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|India toll: Officials fear `not less than 20,000'||This
article was published in the
Toronto Star on Jan 29, 2001
BHUJ, India (AP-CP) - Exhausted searchers using everything from sophisticated rock-cutting tools to their bare hands clawed through rubble yesterday, hoping to find survivors buried by the massive earthquake feared to have killed 20,000 in western India.
More than 7,000 bodies have been dragged from the ruins of collapsed buildings since Friday's quake, but the death toll is expected to go much higher.
Indian Defence Minister George Fernandes said yesterday he anticipated ``not less than 20,000 casualties,'' while a top rescue official suggested there could be up to 30,000 dead in one town alone.
As India's prime minister appealed for help, frantic rescuers and sniffer dogs uncovered a few signs of life yesterday amid the destruction in Gujarat, the western Indian state that took the brunt of the blow.In Anjar, 50 kilometres southeast of the hardest-hit town, Bhuj, a 3-year-old girl was unearthed from the rubble alive.
"She was chanting some Arabic verses,'' said a soldier who helped rescue the toddler. "She was totally unscathed.''
Across town, sniffer dogs located another sign of life in a heap of rubble. After three hours of digging, soldiers found a man, only his face visible under crumpled masonry. Unable to reach him, rescuers released water from a plastic pouch, drop by drop, into his mouth
Chipping slowly at the unstable mound, soldiers removed pieces of debris one by one. Three hours later, the man was free, and a cheer went up in the crowd. Too weak to speak, too exhausted to smile, the man, identified only as Maganbhai, was carried away.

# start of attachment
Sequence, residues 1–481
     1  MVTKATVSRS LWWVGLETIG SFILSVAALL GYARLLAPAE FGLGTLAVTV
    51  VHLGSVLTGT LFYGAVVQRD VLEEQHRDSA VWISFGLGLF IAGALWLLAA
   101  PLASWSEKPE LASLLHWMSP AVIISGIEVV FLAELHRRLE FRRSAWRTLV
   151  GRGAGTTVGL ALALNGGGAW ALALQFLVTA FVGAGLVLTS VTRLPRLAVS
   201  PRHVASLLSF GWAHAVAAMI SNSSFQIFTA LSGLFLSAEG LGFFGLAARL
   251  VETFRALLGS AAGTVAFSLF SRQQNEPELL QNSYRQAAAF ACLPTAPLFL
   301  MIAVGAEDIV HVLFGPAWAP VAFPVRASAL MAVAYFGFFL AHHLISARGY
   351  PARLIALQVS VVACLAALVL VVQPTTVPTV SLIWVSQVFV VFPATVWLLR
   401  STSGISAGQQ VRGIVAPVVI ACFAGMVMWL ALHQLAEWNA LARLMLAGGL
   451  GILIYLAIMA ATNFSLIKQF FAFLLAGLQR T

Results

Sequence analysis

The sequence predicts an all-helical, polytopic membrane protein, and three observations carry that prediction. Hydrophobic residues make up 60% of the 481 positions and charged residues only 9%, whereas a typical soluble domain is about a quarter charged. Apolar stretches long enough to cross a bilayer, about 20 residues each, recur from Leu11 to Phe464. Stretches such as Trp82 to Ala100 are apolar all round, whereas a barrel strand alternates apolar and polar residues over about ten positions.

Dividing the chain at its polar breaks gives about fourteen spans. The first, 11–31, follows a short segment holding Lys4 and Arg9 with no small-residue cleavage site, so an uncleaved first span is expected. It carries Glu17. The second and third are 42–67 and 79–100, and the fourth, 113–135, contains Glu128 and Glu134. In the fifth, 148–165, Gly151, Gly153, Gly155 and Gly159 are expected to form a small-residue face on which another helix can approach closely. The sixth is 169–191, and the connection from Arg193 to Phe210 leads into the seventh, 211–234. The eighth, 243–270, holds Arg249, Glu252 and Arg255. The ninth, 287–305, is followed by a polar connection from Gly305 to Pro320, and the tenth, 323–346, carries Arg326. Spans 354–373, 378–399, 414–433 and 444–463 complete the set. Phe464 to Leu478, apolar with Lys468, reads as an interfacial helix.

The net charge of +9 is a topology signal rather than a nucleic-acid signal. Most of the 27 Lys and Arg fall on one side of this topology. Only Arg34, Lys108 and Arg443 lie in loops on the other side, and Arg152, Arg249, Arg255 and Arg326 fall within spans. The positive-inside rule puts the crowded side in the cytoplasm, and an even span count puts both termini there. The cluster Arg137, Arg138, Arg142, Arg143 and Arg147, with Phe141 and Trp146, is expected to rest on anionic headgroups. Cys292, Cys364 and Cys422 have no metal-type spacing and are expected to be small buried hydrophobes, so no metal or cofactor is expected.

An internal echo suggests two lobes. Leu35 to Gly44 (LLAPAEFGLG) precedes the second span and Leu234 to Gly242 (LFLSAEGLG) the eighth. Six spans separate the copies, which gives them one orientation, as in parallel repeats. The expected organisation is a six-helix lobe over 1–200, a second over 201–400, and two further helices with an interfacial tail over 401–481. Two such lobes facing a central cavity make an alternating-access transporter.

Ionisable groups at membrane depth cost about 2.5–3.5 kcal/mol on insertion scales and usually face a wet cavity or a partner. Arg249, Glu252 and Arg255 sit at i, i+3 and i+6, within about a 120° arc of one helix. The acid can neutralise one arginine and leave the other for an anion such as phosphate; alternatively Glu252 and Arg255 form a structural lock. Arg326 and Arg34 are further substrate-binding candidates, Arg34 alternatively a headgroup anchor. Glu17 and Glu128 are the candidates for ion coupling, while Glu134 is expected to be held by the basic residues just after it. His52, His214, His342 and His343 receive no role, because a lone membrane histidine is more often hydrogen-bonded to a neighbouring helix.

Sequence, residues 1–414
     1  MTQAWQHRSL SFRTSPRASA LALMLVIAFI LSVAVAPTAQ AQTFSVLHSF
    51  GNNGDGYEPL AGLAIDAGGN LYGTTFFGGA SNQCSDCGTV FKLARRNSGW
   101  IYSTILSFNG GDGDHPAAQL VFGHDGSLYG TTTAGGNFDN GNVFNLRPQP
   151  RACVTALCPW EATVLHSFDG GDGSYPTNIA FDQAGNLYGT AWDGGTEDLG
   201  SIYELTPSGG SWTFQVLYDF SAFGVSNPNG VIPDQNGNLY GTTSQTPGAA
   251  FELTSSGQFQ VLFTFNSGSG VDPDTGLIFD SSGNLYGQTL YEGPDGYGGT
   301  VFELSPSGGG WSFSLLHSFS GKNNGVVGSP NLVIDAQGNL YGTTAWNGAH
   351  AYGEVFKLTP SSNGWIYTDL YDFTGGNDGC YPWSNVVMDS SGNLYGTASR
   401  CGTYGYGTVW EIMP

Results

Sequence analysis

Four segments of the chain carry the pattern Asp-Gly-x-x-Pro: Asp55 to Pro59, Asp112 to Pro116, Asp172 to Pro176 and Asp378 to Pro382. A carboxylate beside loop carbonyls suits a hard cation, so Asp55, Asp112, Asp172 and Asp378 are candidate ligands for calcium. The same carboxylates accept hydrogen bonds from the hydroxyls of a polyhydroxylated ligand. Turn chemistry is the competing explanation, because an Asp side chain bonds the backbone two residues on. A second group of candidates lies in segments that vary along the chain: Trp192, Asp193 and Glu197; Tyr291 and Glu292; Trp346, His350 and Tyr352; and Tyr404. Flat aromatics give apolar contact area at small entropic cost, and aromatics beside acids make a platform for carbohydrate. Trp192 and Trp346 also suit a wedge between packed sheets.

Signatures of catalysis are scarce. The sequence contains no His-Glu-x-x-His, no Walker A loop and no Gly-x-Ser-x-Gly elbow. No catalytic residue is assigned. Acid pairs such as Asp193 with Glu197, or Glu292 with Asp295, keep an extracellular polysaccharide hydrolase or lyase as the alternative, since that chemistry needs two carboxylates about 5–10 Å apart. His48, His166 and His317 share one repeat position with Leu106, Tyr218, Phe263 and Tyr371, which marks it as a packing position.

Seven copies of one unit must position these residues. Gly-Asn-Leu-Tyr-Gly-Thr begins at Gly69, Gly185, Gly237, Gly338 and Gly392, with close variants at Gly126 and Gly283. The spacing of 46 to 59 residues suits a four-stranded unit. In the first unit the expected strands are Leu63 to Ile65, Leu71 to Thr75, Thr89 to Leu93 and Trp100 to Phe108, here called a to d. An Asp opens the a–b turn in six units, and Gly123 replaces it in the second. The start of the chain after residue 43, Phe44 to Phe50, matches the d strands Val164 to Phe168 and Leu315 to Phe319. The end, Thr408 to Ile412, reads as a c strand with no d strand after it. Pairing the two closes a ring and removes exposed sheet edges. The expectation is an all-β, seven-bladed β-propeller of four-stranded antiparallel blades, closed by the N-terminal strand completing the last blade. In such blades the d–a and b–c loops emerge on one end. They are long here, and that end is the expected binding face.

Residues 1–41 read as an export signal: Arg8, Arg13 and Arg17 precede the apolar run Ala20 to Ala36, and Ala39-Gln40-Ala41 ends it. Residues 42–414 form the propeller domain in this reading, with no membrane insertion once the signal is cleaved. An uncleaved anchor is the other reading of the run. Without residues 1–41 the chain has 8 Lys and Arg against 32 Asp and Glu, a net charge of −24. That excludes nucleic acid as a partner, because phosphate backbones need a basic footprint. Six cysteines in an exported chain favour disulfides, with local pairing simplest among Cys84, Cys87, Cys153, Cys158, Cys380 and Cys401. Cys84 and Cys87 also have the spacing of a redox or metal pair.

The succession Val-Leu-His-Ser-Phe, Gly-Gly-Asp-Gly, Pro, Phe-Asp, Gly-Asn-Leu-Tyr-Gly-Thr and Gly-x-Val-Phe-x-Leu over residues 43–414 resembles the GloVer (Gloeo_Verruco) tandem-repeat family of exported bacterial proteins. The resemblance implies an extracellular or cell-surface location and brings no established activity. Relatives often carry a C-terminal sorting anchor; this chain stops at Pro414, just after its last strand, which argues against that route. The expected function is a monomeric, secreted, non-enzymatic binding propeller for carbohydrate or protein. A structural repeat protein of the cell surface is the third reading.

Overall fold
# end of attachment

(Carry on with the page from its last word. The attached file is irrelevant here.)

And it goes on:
In Bhuj, a desert town just kilometres from the quake's epicentre, workers dug for 30 hours and shouted with joy when they found a baby and her mother alive in the rubble.
The digging to free the pair took hours more. When it was finished, the baby girl, 18-month-old Namrata, was still alive, her pulse weak. Rescuers rushed her to the hospital in an ambulance.
But the mother, Badrasen Aur, had died in the concrete heap.
Next door, a woman named Das had spent two days trapped in bed with the corpses of her husband and young daughter.
Rescuers talked to her and gave her water as they struggled to widen the hole they had made in the wall of her sunken bedroom.
Authorities will know by today if any more people are alive under the rubble, Gujarat State Home Minister Haren Pandya said. The emphasis will then switch to clearing the rubble and removing the bodies.Philip Maher of World Vision Canada was in Ahmedabad, India, yesterday, about 300 kilometres from the epicentre of the quake.
"Here are families that are just like yours and mine except they have a lot less. They've lost everything,'' said Maher, of Guelph.
He encouraged Canadians to "dig deep'' in their pockets to helpBut members of the GTA's Indo-Canadian community didn't need encouragement. They've already donated tens of thousands of dollars to the relief effort.
And Canada upped its contribution yesterday, announcing another $2 million in aid for a total of $3 million.
Friday's magnitude-7.9 quake - India's strongest in more than 50 years - shook the earth for more than 1,900 kilometres and was felt in Nepal, Bangladesh and Pakistan, where 10 people were crushed in their houses.
More than half the houses in Bhuj, a city of 150,000 people, were reduced to rubble and the rest were damaged.
Bhuj fire chief K.N. Mahure said the death toll there alone could reach 30,000.
By yesterday, foreign aid was pouring in: Cranes, generators, cutting tools, sniffer dogs, seismic monitors and poles with long cameras attached had begun to arrive along with experienced teams of rescuers.
Indian Prime Minister Atal Behari Vajpayee appealed to Indians to contribute, saying federal emergency funds would not be enough.
"We cannot leave our brothers and sisters to the mercy of fate or the cruelty or vagaries of nature,'' he said.